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Making government grants work for communities

Making government grants work for communities

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What words would you like to see characterize the relationship between the federal government and charities? Collaborative? Respectful? Innovative?

The immense system of grants and contributions - the funding that flows directly from federal departments to organizations - creates the potential for charities and the government to be productive partners in the delivery of key community services, but we need reforms before this vision can become a reality.

Change is a long time coming to Government / sector relations

In 2006, From Red Tape to Clear Results: The Report of the Independent Blue Ribbon Panel on Grant and Contribution Programs attested to the critical role that charities and nonprofits play in delivering on some of the government's highest priority outcomes. The panel claimed that the work of charities "make[s] it possible for Canadians to help themselves in ways that are more efficient and more effective than governments could ever hope to achieve through direct programming." Charities are embedded within the communities they serve and are well-positioned to respond to social challenges as they arise. Grants and contributions, as a means to invest in and facilitate this crucial work, are indispensable public policy tools.

While pointing out the potential, the Blue Ribbon Panel also acknowledged the need for a "fundamental change in the way the federal government understands, designs, manages and accounts for its grant and contribution programs". It called for, amoung other specific reforms: 

  • simplified application and reporting requirements
  • better coordination between departments and ministries
  • funding at levels that reflect the full cost of program delivery
  • recognition of the role of core funding
  • need for longer-term funding arrangements

Moreover, it recognized that despite ongoing consultations with the social sector and an awareness of the undue burdens placed on charities, little improvement has been made. It suggested, instead, that the issue has worsened.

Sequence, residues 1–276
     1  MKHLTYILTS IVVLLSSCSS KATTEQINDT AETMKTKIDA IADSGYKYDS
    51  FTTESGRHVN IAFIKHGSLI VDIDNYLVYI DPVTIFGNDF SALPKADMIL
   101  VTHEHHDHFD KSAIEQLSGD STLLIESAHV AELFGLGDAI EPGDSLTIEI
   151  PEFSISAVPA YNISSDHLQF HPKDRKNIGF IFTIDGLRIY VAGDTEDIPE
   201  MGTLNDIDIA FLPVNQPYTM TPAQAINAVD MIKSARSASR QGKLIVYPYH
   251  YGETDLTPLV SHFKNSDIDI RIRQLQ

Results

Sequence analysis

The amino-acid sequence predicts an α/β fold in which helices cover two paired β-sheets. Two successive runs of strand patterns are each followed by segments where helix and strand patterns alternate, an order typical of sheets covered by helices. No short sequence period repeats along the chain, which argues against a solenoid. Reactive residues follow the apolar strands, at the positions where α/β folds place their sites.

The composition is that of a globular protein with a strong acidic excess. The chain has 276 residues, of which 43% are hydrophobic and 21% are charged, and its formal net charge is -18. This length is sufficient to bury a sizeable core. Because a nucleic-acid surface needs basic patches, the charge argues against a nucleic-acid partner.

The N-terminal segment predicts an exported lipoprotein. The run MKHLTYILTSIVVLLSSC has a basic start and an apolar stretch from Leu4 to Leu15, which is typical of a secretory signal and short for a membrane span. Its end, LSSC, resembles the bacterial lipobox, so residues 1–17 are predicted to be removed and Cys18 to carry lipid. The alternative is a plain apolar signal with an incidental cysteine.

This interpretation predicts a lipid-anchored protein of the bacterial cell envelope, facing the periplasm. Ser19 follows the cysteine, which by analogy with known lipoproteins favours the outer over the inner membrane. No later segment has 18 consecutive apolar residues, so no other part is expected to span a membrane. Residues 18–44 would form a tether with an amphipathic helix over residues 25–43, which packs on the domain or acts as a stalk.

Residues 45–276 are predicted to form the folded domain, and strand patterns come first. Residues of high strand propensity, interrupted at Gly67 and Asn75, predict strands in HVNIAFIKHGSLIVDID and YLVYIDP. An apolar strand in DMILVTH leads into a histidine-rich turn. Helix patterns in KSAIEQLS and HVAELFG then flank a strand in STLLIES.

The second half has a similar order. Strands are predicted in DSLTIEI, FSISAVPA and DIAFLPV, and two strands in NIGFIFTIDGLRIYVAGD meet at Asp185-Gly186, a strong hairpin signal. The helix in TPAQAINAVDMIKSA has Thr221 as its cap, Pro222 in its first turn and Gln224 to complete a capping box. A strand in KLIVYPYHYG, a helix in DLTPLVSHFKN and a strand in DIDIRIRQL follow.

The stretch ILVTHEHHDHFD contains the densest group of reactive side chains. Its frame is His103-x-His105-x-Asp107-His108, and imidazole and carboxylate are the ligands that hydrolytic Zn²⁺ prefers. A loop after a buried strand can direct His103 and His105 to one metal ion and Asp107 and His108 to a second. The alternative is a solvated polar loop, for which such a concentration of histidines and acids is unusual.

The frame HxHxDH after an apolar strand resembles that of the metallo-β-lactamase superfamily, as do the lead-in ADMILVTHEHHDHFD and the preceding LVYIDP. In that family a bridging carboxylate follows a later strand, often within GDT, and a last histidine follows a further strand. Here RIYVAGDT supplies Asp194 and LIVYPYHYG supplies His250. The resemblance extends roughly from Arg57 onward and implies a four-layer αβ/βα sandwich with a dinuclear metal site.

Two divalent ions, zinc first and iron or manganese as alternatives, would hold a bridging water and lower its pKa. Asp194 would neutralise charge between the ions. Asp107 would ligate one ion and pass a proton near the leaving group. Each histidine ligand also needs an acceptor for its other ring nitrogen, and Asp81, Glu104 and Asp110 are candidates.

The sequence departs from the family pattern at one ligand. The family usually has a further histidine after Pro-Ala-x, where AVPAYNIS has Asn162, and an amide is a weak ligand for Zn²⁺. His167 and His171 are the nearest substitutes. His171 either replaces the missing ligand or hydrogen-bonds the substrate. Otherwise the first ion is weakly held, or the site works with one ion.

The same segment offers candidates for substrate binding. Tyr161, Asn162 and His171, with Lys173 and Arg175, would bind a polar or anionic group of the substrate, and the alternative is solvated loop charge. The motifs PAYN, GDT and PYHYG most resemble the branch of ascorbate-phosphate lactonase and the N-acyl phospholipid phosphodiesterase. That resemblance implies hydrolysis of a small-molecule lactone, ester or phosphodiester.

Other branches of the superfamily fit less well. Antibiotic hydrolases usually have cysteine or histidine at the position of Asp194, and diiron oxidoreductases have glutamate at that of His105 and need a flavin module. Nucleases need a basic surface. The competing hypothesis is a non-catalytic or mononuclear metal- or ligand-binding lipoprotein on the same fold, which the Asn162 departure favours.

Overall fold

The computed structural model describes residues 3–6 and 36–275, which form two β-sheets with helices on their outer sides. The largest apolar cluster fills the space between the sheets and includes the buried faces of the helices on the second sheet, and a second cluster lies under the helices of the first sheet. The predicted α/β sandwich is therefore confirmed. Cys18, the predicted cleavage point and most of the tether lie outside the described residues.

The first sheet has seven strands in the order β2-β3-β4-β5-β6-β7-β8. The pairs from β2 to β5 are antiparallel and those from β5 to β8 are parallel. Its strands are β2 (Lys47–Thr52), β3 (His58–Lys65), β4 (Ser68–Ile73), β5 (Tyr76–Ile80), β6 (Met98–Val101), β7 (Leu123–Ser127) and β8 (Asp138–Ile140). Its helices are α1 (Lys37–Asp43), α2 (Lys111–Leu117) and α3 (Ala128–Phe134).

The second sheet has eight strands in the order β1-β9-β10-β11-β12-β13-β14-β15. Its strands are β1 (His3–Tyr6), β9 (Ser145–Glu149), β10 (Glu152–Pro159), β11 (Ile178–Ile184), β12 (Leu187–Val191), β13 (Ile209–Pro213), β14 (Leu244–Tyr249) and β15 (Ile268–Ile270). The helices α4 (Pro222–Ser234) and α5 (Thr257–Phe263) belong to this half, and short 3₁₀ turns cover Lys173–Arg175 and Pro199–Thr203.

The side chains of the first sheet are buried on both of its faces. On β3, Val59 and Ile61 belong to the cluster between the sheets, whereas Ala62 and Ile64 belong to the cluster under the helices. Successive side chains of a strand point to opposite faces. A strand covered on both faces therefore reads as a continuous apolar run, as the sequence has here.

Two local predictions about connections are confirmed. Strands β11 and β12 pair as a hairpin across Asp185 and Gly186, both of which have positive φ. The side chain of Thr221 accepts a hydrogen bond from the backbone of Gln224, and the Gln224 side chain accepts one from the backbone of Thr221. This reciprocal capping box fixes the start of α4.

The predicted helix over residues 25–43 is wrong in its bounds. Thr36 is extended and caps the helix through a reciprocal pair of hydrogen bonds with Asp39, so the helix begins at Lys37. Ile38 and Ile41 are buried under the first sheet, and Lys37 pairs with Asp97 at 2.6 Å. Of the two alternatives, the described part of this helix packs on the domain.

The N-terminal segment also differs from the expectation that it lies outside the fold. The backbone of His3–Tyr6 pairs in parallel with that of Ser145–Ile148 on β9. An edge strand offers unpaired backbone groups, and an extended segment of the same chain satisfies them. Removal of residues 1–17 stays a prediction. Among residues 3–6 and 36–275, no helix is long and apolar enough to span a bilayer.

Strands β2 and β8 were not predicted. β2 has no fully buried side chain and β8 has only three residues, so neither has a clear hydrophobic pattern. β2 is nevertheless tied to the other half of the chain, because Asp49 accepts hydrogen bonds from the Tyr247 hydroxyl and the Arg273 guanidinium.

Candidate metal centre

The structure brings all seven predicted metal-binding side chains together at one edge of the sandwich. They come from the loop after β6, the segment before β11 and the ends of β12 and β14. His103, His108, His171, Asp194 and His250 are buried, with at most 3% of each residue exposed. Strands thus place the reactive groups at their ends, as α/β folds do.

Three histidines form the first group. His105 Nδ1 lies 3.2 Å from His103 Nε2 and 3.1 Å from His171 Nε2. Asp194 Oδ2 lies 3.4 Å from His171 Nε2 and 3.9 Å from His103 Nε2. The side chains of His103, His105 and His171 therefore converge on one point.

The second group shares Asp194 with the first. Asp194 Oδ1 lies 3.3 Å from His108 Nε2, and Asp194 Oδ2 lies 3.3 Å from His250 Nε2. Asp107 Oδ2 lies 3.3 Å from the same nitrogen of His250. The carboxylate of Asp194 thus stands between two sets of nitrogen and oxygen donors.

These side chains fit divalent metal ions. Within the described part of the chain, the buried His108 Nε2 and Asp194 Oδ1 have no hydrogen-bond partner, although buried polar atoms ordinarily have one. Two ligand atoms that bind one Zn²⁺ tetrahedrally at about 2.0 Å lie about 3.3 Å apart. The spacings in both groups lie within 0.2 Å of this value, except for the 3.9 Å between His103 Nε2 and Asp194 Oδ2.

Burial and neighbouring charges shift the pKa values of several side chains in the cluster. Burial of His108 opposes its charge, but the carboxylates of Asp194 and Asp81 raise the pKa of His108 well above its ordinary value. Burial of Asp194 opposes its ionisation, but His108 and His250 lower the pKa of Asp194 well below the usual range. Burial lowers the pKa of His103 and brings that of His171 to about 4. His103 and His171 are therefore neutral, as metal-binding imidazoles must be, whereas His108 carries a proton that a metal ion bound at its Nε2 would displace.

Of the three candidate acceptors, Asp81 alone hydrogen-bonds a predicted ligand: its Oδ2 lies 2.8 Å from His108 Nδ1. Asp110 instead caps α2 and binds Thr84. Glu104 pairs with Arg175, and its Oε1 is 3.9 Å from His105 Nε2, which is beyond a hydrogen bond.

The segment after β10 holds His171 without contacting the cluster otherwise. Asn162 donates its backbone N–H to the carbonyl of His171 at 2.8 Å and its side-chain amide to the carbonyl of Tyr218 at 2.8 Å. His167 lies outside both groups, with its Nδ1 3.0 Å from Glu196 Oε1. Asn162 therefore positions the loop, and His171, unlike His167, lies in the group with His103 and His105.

How did a system responsible for $15 billion1 worth of nonprofit revenue become such a challenge to navigate, to the extent that some organizations have determined accepting government funding is not worth the burden?

Nonprofit scholars Susan Phillips and Karine Levasseur (2004) describe contradictory trends within the Canadian government. There is a tension "between the control of contracting and the collaboration inherent in a governance contract."2 They refer to the current control-heavy system of compliance as a crisis response that emerged from a controversial audit of one federal department in 2000. Since then, the sector continues to be stuck in a situation they describe as analogous to a game of Snakes and Ladders, in which the "excessive control" within funding accountability measures presents a significant number of snakes on which to slide further from the social objectives organizations are striving to reach.

Building trust and collaboration

These tensions in the funding relationship take a toll on trust between charities and the federal government. While reflecting on her 40 year career in the voluntary sector, Joan Baker, currently the Vice President, Community and Housing Initiatives, at YMCA of Northern Alberta, sees these excessively burdensome compliance measures as symptomatic of a lack of trust in charities: "I think it comes out of a sense of 'you can't really trust the sector' and yet we deliver very significant services that government no longer wants to deliver." She would prefer to see charities recognized as "key professional collaborators." "We do their work in our communities and we're close to our communities... We are collaborators and I think that [requires] a change in attitude."

Looking forward

In Catalyst for Change, the Senate's recent report on the charitable sector, clear, measurable reforms are recommended including a move to multi-year funding, compensation for the full administrative costs associated with funded programs and services, and standardized reporting categories. The Senate's recommendations would go a long way to easing the pressures charities face in turning federal investment into critical community services. However, reforms are unlikely to occur without a recognition that charities can be partners in the pursuit of shared social objectives.

It was 14 years ago that the Blue Ribbon Report declared that grants and contributions reforms would be not just mutually beneficial to the federal government and to the sector, but that it would be in the public interest to move toward greater streamlining, and reporting requirements that are better aligned with project objectives. By 2019, the Senate had identified so little progress across government that it had to re-iterate the key recommendations made in 2006. The grants and contributions system is too important to Canadians to be mired under red tape. It's time for a new era of trust and collaboration between nonprofits and the government, and it can start with reimagining funding agreements.

Interested in working with Imagine Canada to advance this issue? Email the policy team at and make sure you’ve signed up to receive Early Alert, our weekly roundup of policy and research affecting the charitable sector. 


1“Transfer Payments” 2017-2018 Public Accounts of Canada, Volume III, Section 6.

2Phillips, S., & Levasseur, K. (2005). The snakes and ladders of accountability: Contradictions between contracting and collaboration for Canada’s voluntary sector. Canadian Public Administration. Volume 47(4), 451.


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